Lynn Hickey working to both chip away Eastern Washington athletic department’s debt and elevate its status
With a to-do list as thick as her Texas accent, Eastern Washington athletic director Lynn Hickey hasn’t had much time to enjoy her new region’s idyllic summer months.
She recently sold her home in San Antonio, where, for 18 years, she helped vault the University of Texas-San Antonio’s athletic program to new heights, including the addition of a built-from-scratch FBS football program in 2011.
It’s been 11 months since Hickey stepped down as UTSA’s AD citing personal reasons, and about six months since she made the trek to the Northwest, where the grass is literally greener.
EWU’s athletic budget, however, has been as dry as the old Alamo landscape, with a current deficit of more than $5 million.
Hickey has the chore of chipping away at the towering debt, all while aiming to provide adequate means for her programs and helping spearhead fundraising efforts on capital improvements.
She and her staff have been hitting the pavement this summer, shaking hands and getting face time with current and potential donors.
“We’re working on a long-term plan. We know we need to do a better job at fundraising,” Hickey said. “It’s all about building relationships.”
With an already thin budget – the second-lowest among Big Sky Conference members – cuts likely won’t help, she said.
“There’s not a whole lot more we can cut,” said Hickey, who’s hit the ground running since being elevated from interim AD in April. “I don’t see much we can really ding right now.”
In USA Today’s annual fiscal report of NCAA Division I schools published last month, EWU ranked 175th out of 230 for the 2016-2017 year. The department had $14,797,340 in total revenues and $15,753,819 in operating costs.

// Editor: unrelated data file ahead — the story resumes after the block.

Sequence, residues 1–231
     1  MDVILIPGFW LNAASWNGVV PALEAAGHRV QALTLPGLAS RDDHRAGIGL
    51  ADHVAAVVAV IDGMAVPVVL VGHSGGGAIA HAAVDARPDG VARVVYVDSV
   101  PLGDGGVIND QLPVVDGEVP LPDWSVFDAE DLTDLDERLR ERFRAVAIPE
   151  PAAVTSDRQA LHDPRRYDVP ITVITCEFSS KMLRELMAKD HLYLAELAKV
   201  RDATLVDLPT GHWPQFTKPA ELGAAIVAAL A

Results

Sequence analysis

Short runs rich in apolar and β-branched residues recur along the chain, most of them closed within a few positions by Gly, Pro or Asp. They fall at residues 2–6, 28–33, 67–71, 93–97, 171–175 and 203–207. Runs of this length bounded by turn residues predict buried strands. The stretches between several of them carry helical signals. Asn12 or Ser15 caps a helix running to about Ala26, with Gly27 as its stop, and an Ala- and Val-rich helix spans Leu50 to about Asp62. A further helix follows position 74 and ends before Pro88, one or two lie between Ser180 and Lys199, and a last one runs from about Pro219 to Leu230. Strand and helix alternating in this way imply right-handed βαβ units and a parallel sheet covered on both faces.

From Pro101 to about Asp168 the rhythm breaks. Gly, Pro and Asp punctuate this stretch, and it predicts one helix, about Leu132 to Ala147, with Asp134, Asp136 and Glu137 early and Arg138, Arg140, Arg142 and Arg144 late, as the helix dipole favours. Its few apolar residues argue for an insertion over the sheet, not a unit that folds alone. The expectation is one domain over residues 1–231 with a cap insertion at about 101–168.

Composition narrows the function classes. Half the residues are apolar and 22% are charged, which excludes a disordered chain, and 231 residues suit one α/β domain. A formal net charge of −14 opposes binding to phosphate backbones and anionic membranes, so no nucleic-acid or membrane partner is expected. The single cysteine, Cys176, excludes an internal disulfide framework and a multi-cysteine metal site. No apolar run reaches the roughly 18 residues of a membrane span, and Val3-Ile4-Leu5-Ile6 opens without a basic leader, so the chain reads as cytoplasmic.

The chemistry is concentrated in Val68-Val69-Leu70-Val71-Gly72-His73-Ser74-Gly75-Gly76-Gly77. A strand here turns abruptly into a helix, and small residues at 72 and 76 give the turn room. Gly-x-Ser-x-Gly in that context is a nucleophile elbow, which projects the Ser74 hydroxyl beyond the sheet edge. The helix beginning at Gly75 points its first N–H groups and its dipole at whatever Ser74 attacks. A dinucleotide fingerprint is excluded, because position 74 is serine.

Just over 65 percent of EWU’s revenue ($9,763,372) came from allocated sources. Private Division I schools aren’t in the report, and there are 347 total Division I schools.
EWU ranked eighth in the report among Big Sky members and largely trailed the conference leaders – No. 110 Sac. State ($28,275,369), No. 115 North Dakota ($28,201,349) and No. 116 Montana ($27,192,240). It also lagged behind No. 127 Idaho, No. 132 Montana State, No. 147 Northern Arizona and No. 155 Northern Colorado.
EWU’ 2016-2017 revenues consisted of ticket sales ($816,157), contributions ($732,875), rights/licensing ($1,742,568), student fees ($7,497,272) and the “other” ($175,368), according to the report. Eight home football games in 2016 boosted the total.
Conversely, Eastern’s spending went to its coaching staff ($5,175,106), scholarships ($4,151,635) and facilities/overhead ($153,024) and “other” ($6,274,054).
But EWU still has momentum. It has won the last three Presidents Cups, an award given to the Big Sky Conference’s top athletic and academic school. On the gridiron, the moneymaking sport, the Eagles have been a FCS playoff regular.
But because EWU didn’t qualify for the football playoffs in 2017 and bring in extra home games, the school expects lower total revenues in next year’s report.
“Right now, we’re just digging into where we’re at,” Hickey said. We’re building a five-year projection, a plan on how to close the gap.”
Revamping 50-year-old Roos Field is also on Hickey’s radar. Coming from football-crazed Texas, where even multimillion dollar high school stadiums are town gems, Hickey knows the importance of adequate facilities.
After the failure of the Gateway Project to improve the football stadium, a plan proposed in 2012, Hickey said the school is taking the early steps to work toward proposing a new-look Roos Field.
“We want a good, sound, set design before we make it public,” Hickey said.
When asked what improvements she wants to see with the current field, she said: “Fan amenities, adequate seating, restrooms and concessions, while also giving the student body a good experience.
“We want seats for revenue purposes. You want to add seats, but you don’t want to get unrealistic. The (football team) plays in there five times a year, hopefully we can get that up to six times a year.”